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12 definitive traits of a leader: Part 5-Strength

Updated: Aug 13, 2022

By Jeff Custer | Monday, May 23, 2022

The demands faced by leaders can be formidable. Day in and day out, organizations expect results. Whether that’s shareholder financial returns, delivering an excellent customer experience, ensuring employees are engaged and productive, or the myriad other demands leaders face—organizations rely on leaders to produce often in the face of seemingly impossible odds.

The reality of delivering these results can be daunting. Leaders need to have the physical and mental strength to push through all of these hurdles.

Effective leaders need physical strength to bring high energy to their endeavors. An unhealthy, physically weak leader will struggle to bring the required energy to the task. Diet, exercise, and proper rest are important components of a leader’s strength. Physically weak people will struggle to stand up to the rigors of the job. I recall a leader I used to work with who would fall asleep at his own staff meetings. He certainly failed to bring physical strength to the task at hand.

They also need to have a resilient mental strength, which must be developed and maintained.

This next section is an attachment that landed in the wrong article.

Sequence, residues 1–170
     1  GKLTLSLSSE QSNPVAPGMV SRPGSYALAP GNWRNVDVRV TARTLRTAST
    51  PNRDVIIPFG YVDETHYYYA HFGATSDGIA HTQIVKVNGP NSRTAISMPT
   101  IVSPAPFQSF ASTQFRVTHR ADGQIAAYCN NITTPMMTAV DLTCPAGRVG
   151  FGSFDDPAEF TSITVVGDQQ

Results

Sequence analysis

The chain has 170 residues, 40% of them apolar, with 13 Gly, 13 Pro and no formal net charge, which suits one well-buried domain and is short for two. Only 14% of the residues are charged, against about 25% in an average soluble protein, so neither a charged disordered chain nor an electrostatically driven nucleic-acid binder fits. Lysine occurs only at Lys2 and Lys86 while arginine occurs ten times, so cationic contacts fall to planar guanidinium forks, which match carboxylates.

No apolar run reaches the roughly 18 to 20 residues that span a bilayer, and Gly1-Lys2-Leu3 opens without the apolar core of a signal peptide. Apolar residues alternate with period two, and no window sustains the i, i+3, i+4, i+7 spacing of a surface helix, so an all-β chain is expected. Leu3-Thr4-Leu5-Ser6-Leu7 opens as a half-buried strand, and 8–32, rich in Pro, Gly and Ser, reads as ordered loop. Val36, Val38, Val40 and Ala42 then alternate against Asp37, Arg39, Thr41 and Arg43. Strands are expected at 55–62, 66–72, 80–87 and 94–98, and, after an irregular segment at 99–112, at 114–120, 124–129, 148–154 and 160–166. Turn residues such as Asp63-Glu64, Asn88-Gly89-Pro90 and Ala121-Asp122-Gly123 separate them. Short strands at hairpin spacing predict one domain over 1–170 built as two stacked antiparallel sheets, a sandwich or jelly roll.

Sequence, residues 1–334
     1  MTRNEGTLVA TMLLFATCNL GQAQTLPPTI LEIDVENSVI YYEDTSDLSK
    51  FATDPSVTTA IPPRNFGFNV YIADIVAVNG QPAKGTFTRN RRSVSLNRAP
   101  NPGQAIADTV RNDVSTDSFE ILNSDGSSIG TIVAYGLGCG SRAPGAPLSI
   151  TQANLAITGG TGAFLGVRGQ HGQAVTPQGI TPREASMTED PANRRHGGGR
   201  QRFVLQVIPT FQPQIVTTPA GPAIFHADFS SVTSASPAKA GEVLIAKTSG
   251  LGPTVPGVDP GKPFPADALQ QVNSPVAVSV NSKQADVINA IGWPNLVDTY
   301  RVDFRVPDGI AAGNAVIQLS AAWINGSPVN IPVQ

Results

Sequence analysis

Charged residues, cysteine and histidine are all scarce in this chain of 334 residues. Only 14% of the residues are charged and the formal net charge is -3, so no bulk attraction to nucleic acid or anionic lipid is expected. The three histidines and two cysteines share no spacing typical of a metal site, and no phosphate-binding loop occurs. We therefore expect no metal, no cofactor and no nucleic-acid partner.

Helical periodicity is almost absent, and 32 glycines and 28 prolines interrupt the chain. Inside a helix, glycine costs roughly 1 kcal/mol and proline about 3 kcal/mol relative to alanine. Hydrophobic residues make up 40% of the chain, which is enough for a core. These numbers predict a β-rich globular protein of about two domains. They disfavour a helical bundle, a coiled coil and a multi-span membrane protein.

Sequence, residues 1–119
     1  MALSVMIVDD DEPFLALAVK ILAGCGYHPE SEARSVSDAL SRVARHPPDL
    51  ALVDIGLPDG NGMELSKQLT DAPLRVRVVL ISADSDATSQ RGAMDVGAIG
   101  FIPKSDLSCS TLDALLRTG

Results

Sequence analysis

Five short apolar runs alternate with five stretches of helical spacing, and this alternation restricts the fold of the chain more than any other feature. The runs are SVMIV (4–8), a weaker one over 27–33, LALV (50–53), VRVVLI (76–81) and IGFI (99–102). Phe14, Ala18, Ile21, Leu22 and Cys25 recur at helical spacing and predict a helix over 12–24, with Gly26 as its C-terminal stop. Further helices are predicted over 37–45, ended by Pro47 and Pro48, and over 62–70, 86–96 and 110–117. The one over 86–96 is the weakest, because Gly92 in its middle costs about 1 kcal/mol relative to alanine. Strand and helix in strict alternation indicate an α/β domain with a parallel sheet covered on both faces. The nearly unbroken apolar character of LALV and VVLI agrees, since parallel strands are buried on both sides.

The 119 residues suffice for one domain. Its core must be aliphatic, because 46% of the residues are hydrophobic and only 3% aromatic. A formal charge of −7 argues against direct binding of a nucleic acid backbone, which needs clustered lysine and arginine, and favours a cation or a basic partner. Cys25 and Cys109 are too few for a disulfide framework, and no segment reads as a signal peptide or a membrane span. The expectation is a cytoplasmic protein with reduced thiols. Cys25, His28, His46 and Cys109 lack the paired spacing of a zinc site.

Resilient leaders work to become more self-aware. They step back from themselves and observe their own behavior. They analyze how they act and react in various situations allowing them to adjust to be better. They bounce back from mistakes and failures, learning and adapting to improve the next time. They have an attitude of getting up and dusting themselves off after being knocked down. They maintain a healthy perspective of things going on around them. They understand what they control, what they influence and what they cannot control. They don’t waste energy and time on things they can’t influence or control. They also keep a calm head when responding to things that happen. Strong leaders have the ability to remain cool and collected in the midst of chaos.

Weak leaders on the other hand reacted to the challenges they face much like a ball in a pinball machine. Bounced from bumper to bumper always reacting to what’s happening around or to them. Eventually they find themselves slipping between the flippers and ending the game. They either get burned out or removed from their leadership role. And those who do manage to keep their ball in the air are at high risk of exhibiting toxic behaviors as a way to cope for their weaknesses.

Leadership is demanding. In addition to setting and driving strategy, leaders guide their team as they actually execute said strategy. Along the way they inspire the team and help each individual team member become better. Effective leaders initiate change and support the team in embracing it. And finally, they do all of this while meeting the expectations of their various stakeholders.

To be effective and successful, leadership demands strength.

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Jeff Custer is a long-time leader at both private and Fortune 500 companies where he has developed and led both high performance individuals and teams. He is passionate about developing leaders and building high impact teams. Jeff resides in the United States.

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